Re: [openpgp] Disabling compression in OpenPGP

Alfredo Pironti <alfredo.pironti@inria.fr> Wed, 19 March 2014 15:26 UTC

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From: Alfredo Pironti <alfredo.pironti@inria.fr>
To: David Shaw <dshaw@jabberwocky.com>
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Subject: Re: [openpgp] Disabling compression in OpenPGP
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On Tue, Mar 18, 2014 at 7:29 PM, David Shaw <dshaw@jabberwocky.com> wrote:

> On Mar 18, 2014, at 12:00 PM, Alfredo Pironti <alfredo.pironti@inria.fr>
> wrote:
>
> > Dear list,
> >
> > It is well known that compressing data before encrypting them leaks much
> about the plaintext [1]. Recently, this has been exploited against the TLS
> protocol in the so-called CRIME attack [2].
> >
> > Looking at RFC 4880, section 2.3, I read
> > “OpenPGP implementations SHOULD compress the message after applying the
> signature but before encryption.”
> > And indeed, gpg faithfully follows the spec by enabling compression by
> default.
> >
> > I have done some preliminary work on password managers that rely on
> OpenPGP (gpg, in fact) to encrypt the passwords. Unsurprisingly, it turns
> out that compressing the password before encrypting it leaks much of the
> password entropy, making dictionary attacks significantly easier to mount.
> (In my preliminary experiments I used a password dictionary containing
> about 4 million passwords. If the attacker knows the original password
> length and its compressed length, then for some combinations of the two the
> candidate dictionary entries can reduce to as few as some hundreds.)
> >
> > I believe similar attacks can be mounted in different contexts where
> OpenPGP is used. Hence, I propose to start discussion to amend RFC 4880 to
> at least discourage (if not forbid) the use of compression.
>
> It is not my intent to make light of your email, but I'm somewhat amused
> as a few years ago there was an attack that could be *avoided* by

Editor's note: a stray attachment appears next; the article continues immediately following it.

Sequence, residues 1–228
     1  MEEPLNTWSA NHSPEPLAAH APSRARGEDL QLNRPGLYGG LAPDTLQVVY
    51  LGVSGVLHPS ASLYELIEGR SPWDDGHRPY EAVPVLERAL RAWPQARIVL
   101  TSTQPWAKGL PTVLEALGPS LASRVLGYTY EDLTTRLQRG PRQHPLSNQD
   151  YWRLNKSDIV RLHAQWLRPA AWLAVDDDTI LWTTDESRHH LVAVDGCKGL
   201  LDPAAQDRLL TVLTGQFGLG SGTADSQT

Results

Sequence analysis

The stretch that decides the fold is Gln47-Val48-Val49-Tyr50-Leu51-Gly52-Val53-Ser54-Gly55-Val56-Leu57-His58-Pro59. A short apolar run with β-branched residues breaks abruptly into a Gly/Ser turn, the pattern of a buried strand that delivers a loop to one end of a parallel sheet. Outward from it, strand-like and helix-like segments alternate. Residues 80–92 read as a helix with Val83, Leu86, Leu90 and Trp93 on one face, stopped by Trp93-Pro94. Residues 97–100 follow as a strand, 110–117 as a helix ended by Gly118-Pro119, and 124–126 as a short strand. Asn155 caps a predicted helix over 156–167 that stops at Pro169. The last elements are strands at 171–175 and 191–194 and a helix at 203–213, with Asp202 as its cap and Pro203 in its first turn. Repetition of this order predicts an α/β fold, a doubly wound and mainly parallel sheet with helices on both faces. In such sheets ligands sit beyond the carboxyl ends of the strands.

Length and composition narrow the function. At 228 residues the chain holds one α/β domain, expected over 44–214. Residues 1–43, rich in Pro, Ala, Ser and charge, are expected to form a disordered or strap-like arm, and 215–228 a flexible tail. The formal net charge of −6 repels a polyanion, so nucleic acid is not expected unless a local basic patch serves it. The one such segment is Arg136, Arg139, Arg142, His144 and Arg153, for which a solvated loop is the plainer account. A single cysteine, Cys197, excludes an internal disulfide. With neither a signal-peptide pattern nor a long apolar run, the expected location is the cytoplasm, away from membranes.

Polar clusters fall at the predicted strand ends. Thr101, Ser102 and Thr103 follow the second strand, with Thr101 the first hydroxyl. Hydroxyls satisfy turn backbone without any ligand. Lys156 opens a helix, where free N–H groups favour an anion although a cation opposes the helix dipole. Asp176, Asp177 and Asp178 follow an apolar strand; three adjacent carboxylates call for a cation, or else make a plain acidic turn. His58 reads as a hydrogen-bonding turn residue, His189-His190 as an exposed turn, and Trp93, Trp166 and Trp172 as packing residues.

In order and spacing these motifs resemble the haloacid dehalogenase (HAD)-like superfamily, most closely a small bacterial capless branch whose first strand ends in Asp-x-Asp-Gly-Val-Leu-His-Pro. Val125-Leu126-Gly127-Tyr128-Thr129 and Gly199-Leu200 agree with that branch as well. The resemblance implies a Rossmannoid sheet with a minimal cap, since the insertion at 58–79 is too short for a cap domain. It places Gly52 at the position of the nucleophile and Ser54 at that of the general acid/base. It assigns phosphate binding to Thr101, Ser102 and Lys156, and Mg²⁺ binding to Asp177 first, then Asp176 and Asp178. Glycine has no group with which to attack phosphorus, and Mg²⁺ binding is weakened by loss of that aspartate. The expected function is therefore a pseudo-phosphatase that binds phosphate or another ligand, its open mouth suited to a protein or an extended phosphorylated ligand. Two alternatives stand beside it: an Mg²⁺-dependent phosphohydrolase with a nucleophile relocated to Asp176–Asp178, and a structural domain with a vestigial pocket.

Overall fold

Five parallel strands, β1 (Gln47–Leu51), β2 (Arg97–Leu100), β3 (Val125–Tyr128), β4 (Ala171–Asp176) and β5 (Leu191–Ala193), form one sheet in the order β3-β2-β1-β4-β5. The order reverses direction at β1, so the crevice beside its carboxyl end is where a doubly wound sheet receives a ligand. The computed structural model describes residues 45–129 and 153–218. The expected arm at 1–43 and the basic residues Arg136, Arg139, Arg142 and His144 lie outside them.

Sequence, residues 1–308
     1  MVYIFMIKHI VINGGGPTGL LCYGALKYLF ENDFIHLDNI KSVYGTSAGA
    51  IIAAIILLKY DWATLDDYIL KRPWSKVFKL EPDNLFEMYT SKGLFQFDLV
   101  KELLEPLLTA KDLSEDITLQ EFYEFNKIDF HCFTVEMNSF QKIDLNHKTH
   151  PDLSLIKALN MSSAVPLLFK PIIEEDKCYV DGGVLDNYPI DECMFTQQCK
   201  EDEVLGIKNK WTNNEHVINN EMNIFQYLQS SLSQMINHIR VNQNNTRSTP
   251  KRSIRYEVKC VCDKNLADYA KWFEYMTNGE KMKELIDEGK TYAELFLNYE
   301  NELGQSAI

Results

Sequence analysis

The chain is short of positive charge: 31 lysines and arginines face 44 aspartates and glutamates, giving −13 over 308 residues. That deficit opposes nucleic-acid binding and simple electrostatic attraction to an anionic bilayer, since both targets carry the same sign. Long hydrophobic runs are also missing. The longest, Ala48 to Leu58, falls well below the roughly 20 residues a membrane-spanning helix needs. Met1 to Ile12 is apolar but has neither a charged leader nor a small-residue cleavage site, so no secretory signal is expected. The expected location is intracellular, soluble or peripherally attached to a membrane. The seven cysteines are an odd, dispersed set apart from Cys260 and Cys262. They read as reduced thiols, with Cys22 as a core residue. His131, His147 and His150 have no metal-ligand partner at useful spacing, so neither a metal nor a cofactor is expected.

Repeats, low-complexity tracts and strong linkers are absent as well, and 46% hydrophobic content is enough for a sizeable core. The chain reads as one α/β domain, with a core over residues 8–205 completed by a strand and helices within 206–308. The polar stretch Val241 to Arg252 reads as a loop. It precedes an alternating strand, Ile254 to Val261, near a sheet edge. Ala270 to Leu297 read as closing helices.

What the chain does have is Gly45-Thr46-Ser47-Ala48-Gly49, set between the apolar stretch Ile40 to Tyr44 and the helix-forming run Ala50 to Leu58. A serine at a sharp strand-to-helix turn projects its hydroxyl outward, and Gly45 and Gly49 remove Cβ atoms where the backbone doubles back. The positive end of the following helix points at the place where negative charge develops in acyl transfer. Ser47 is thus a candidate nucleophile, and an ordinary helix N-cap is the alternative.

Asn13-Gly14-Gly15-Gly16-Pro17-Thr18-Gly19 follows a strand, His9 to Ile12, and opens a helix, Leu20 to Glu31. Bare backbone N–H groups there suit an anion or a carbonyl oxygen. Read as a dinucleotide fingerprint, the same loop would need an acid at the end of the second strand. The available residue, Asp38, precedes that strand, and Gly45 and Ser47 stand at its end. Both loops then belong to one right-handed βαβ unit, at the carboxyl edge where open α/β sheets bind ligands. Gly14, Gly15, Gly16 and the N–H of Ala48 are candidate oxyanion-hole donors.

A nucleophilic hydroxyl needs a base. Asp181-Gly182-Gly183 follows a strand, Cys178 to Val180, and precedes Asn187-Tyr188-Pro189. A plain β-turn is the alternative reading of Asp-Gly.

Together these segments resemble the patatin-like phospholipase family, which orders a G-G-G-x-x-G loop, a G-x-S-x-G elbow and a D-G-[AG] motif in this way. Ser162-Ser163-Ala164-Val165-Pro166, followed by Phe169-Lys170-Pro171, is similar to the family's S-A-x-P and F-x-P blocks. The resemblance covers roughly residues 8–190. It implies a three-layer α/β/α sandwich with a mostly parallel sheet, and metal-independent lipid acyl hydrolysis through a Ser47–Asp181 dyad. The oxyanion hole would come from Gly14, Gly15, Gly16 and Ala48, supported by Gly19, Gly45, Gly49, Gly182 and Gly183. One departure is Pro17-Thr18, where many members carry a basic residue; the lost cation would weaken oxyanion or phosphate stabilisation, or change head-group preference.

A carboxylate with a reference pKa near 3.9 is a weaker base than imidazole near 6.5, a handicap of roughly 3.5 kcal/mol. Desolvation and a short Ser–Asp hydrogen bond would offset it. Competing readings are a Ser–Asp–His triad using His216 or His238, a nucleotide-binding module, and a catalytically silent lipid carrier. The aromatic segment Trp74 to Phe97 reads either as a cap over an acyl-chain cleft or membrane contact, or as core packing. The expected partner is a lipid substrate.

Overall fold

> compression.  See https://www.schneier.com/paper-pgp.pdf for the details.
>  Damned if you do, damned if you don't?
>

In that case, compression incidentally thwarted the attack, by inserting
additional packet headers in the encrypted packets, hence letting some
parsing fail when decrypting a chosen ciphertext.

In general, I see two patterns:
- Compression incidentally thwarts some attacks
- Compression fundamentally breaks privacy by leaking plaintext entropy
(see the Wikimedia Foundation case for a quite convincing example)

I would not want to rely on the obfuscation provided by an optional feature
of OpenPGP to ensure secrecy. If a decryption oracle is found, it should be
systematically fixed -- also for users who decide not to use compression.

On the other hand, at least making compression disabled by default would
protect those users who are unaware of the interaction between compression
and encryption. Those who are aware of it could always explicitly enable
compression.

Cheers,
Alfredo


>
> Note that the use of compression in OpenPGP (at least in the public key
> context) is under the control of the recipient.  If a given recipient
> doesn't want compression used on messages to their key, they can set a
> preference reflecting that, and all OpenPGP implementations will not
> compress when encrypting a message to that key.
>
> David
>
>